University President Mary Sue Coleman’s final monthly fireside chat was more than a little different this time around as approximately 120 students filled the Michigan Union’s Pendleton room for a surprise.

While Coleman typically invites a random selection of students for her fireside chats, more than the anticipated amount of students came to applaud Coleman on her service as the University’s 13th president.

E. Royster Harper, vice president for student life, joined Coleman for the monthly event, which Coleman continued at the beginning of her tenure. During her presidency, Coleman and Harper have organized fireside chats to field students’ questions and concerns in a more intimate setting.

LSA junior Michael Chrzan, the student event coordinator for the surpise, said he aspired to make Coleman’s last fireside chat memorable to honor her commitment to students during her tenure.

“We wanted this to be really special because she made hearing students’ voices a priority and that’s not something that comes intrinsically with every president,” Chrzan said. “We wanted to give back in a small way, to say ‘thank you’ for putting themselves on the line and answering students’ questions.”

Even though double the number of students attended the event, Chrzan said he was pleased that they managed to maintain a sense of “intimacy,” which he said was important to Coleman during her tenure. Though the event took about twice as long to plan and execute, he said he was pleased with the turnout and result because the crowd was “exceptional.”

While student questions hit upon a range of topics and issues concerning student life, a consistent thread focused on Coleman’s own legacy. After one student asked for her most prominent memories from her 12-year tenure as University president, Coleman’s quick list recounted some of the biggest events at the University, both positive and negative over the past decade.

Coleman touched on the 2003 landmark Supreme Court cases on affirmative action, which she fought for in Washington D.C. She added that she will remember witnessing University students’ reaction on the Diag to the passage of Proposal 2, which eliminated the use of race-based admissions process in the state.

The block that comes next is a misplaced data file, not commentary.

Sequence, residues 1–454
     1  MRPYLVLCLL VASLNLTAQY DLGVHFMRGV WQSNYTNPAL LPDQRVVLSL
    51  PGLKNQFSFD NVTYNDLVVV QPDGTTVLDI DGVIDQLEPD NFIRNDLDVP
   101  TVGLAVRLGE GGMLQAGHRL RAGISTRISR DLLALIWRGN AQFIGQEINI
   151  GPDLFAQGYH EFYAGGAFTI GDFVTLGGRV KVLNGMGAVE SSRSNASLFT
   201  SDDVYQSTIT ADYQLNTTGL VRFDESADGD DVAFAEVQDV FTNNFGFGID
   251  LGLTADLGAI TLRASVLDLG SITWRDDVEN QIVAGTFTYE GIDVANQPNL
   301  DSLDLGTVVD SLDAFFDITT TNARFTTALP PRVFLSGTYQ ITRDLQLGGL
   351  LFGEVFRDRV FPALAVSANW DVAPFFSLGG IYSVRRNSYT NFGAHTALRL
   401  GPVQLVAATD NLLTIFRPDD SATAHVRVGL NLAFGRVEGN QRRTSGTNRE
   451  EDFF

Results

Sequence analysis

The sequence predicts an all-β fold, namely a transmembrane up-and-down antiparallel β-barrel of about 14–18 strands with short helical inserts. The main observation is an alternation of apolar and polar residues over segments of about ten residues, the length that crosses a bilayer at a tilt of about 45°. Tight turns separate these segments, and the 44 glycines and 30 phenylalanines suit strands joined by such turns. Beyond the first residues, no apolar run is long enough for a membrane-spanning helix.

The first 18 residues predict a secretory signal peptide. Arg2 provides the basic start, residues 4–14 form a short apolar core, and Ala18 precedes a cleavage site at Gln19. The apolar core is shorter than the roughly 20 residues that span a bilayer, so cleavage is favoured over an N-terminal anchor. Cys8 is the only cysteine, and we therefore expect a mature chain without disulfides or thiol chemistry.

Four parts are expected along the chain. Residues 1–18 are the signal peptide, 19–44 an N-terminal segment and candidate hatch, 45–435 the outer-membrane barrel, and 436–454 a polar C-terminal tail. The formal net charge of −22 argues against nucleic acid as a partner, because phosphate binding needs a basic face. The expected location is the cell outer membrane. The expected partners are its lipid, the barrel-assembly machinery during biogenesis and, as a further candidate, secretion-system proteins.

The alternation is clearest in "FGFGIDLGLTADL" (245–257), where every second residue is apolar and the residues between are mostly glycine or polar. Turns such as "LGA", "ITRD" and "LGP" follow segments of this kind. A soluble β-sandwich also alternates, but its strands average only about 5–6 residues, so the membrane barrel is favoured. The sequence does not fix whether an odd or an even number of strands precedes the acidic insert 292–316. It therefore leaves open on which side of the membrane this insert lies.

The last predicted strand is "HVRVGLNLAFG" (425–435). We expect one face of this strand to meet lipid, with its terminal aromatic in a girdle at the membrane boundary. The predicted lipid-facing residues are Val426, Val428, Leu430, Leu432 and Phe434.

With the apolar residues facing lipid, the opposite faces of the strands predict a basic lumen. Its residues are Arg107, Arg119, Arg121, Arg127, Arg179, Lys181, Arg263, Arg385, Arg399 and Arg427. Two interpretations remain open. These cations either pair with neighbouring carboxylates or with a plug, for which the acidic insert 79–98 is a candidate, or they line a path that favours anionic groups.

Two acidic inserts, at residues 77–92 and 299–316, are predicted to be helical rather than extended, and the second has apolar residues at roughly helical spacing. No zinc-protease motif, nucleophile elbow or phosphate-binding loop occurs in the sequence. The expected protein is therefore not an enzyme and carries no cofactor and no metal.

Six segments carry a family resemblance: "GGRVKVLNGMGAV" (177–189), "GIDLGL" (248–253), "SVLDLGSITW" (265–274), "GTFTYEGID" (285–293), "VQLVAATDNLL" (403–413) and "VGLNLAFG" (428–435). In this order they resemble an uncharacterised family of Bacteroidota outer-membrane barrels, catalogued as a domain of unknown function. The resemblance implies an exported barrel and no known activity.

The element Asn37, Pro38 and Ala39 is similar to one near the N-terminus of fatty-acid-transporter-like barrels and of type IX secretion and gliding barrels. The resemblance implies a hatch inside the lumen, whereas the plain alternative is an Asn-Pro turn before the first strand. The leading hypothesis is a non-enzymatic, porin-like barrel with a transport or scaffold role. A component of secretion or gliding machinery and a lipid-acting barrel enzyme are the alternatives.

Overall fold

Coleman also cited the loss of a University transplant team in a plane crash, which she said she will “remember forever.”

Coleman answered questions from the edge of her seat, trying to squeeze in as many questions in as possible in the one-hour chat.

Another student in the front row asked about the University’s green initiatives. Coleman said while the University has always stressed sustainability, remaining realistic is important.

“What I have always tried to do is to challenge us, hold us accountable, but not be unrealistic,” Coleman said. “I don’t see a way, unless there are huge changes in technology, that we can become carbon neutral in the next 20 years. I just can’t get there, and I don’t want to pretend that we can do something we can’t.”

On a lighter note, one student asked Coleman what’s next for her and husband Ken Coleman. Coleman said she plans keep busy during her retirement.

“I’ll be able to say no if I really don’t want to do something,” Coleman said as the room responded with laughter. “But we have a place in Ann Arbor; we bought a condo a few years ago, so we’ll be here for part of the year and in Colorado for part of the year. I’ve joined two foundation boards — these are places that give money away rather than asking for money. I love asking for money, but now that I’m on these foundation boards, I’ll be able to give money away.”

More laughs from the students followed.

As a student coordinator, Chrzan has attended most of the fireside chats this year, and said he believes he has seen firsthand how an effective leader interacts with others, adding that Coleman “leads by example” and that her impact on students is evident as a result.

There are just over three months until University President-elect Mark Schlissel takes over Coleman’s office in the Fleming Building in July. In light of the upcoming administrative change, many students asked what the 13th president’s legacy will be. Coleman said she was proud of her work.

“I think legacies are best determined by others, rather than by me,” Coleman said. “But I hope that when people look back, they will believe that I left the University a better place than I found it. It’s been the most wonderful experience of my life.”

—Daily News Editor Stephanie Shenouda contributed to this report.

Leave a comment

Your email address will not be published.